After the motion in limine was violated, and the inadmissible evidence was elicited, Thomas waited until the State had asked eleven more questions of the witness before objecting. Thomas's objection was untimely, thus Thomas has not preserved his complaint. See Dixon v. State, 2 S.W.3d 263, 265 (Tex.Crim.App.1998). Even if his objection had been timely, Thomas still did not preserve his complaint because after the court sustained his objection, he did not request an instruction to disregard. Failure to request the court to instruct the jury to disregard the inadmissible evidence results in waiver of the alleged error where the instruction would have cured the error. State Bar of Tex. v. Evans, 774 S.W.2d 656, 658 n. 6 (Tex.1989). Thomas's second issue is overruled.
In Thomas's third issue, he complains that the trial court limited his cross-examination of several witnesses. The court sustained the State's objections complaining of defense questions that were asked and answered, repetitive, and calling for a legal conclusion. While the defendant has a constitutional right to confront witnesses, this right is not absolute and is subject to the broad discretion of the trial court to limit cross-examination that is repetitive or only marginally relevant. Carroll v. State, 916 S.W.2d 494, 498 (Tex.Crim.App.1996). In each of these instances, we find the trial court did not abuse its discretion in sustaining the State's objections. Id. Thomas's third issue is overruled.
Having overruled all of Thomas's issues, we affirm the judgment.
I concur with the majority's decision to affirm the trial court's judgment. I write separately because I disagree that the trial court erred in excluding the evidence of the victim's motive. The victim's testimony about having been punished was proper testimony to introduce to impeach the victim regarding a possible motive to testify against Thomas. The reason for the punishment was irrelevant. Thus, Thomas improperly offered admissible evidence blended with inadmissible evidence.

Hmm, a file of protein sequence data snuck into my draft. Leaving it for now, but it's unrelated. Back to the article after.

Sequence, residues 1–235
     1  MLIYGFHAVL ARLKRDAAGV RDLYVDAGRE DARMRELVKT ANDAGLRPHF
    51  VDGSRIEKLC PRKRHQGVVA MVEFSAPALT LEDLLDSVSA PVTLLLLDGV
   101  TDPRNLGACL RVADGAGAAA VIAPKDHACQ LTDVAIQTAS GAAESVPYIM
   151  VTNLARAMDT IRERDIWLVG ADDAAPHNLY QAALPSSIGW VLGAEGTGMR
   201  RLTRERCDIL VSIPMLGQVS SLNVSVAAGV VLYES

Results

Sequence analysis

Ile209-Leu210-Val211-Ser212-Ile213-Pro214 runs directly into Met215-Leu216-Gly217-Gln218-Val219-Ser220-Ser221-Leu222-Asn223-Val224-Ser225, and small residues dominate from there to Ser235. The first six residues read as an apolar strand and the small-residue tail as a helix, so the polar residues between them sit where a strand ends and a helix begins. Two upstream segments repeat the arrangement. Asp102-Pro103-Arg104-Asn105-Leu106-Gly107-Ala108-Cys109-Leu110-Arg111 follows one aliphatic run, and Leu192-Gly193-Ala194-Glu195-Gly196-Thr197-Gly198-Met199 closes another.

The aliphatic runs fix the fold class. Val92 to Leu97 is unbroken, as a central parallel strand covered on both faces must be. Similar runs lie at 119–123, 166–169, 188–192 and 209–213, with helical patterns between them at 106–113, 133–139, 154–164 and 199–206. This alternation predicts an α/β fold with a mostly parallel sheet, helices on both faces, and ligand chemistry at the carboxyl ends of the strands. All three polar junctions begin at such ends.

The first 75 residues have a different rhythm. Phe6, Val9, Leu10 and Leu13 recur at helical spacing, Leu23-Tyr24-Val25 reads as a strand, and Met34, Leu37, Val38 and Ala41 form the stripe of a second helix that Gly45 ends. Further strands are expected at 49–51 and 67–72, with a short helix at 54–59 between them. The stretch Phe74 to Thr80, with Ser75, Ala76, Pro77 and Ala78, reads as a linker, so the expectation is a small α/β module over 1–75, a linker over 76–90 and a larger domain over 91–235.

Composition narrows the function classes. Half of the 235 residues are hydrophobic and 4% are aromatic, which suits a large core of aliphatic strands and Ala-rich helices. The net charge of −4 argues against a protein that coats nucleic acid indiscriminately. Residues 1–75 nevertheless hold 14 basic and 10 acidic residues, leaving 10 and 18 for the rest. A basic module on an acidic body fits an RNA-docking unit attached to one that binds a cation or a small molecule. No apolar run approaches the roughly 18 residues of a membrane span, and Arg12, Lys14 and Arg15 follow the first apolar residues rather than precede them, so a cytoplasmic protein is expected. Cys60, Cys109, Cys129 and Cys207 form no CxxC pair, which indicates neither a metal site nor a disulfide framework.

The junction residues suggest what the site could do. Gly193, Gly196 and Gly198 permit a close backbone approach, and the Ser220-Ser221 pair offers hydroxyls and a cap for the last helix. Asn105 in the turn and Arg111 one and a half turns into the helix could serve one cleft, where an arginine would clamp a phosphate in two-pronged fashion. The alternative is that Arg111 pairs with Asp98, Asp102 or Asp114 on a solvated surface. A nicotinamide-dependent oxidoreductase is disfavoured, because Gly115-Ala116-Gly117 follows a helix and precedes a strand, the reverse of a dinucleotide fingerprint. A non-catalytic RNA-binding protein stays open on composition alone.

When a trial court is presented with a proffer of evidence containing both admissible and inadmissible statements, and the proponent of the evidence fails to segregate and specifically offer the admissible statements, the court may properly exclude all of the evidence. Willover v. State, 70 S.W.3d 841, 847 (Tex.Crim.App.2002). The trial court need never sort through challenged evidence in order to segregate the admissible from the inadmissible. Jones v. State, 843 S.W.2d 487, 492 (Tex.Crim.App.1992)(overruled on other grounds). If evidence is offered and challenged which contains some of each, the trial court may safely admit it all or exclude it all, and the losing party, no matter who he is, will be made to suffer on appeal the consequences of his insufficiently specific offer or objection. Id.
By finding error, the majority faults the trial court for not sifting through the evidence. I find no fault. But because the majority ultimately determines that the error, a conclusion with which I do not agree, is harmless, I concur in the result reached by the majority.
1. Former section 22.065 of the Texas Penal Code states:(a) Evidence of specific instances of the victim's sexual conduct, opinion evidence of the victim's sexual conduct, and reputation evidence of the victim's sexual conduct may be admitted under Sections 22.011 and 22.021 of this code only if, and only to the extent that, the judge finds that the evidence is material to a fact at issue in the case and that its inflammatory or prejudicial nature does not outweigh its probative value.Act of May 27, 1983, 68th Leg., R.S., ch. 977, § 4, 1983 Tex. Gen. Laws 5311 (amended 1993) (current version at Tex.R. Evid. 412).
FELIPE REYNA, Justice.
Chief Justice GRAY concurring.